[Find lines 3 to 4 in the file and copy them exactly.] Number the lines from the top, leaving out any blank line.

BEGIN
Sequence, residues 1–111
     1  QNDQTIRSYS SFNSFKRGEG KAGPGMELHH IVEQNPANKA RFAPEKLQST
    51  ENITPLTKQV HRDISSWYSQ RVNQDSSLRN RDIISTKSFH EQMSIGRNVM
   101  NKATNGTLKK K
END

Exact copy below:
    51  ENITPLTKQV HRDISSWYSQ RVNQDSSLRN RDIISTKSFH EQMSIGRNVM
   101  NKATNGTLKK K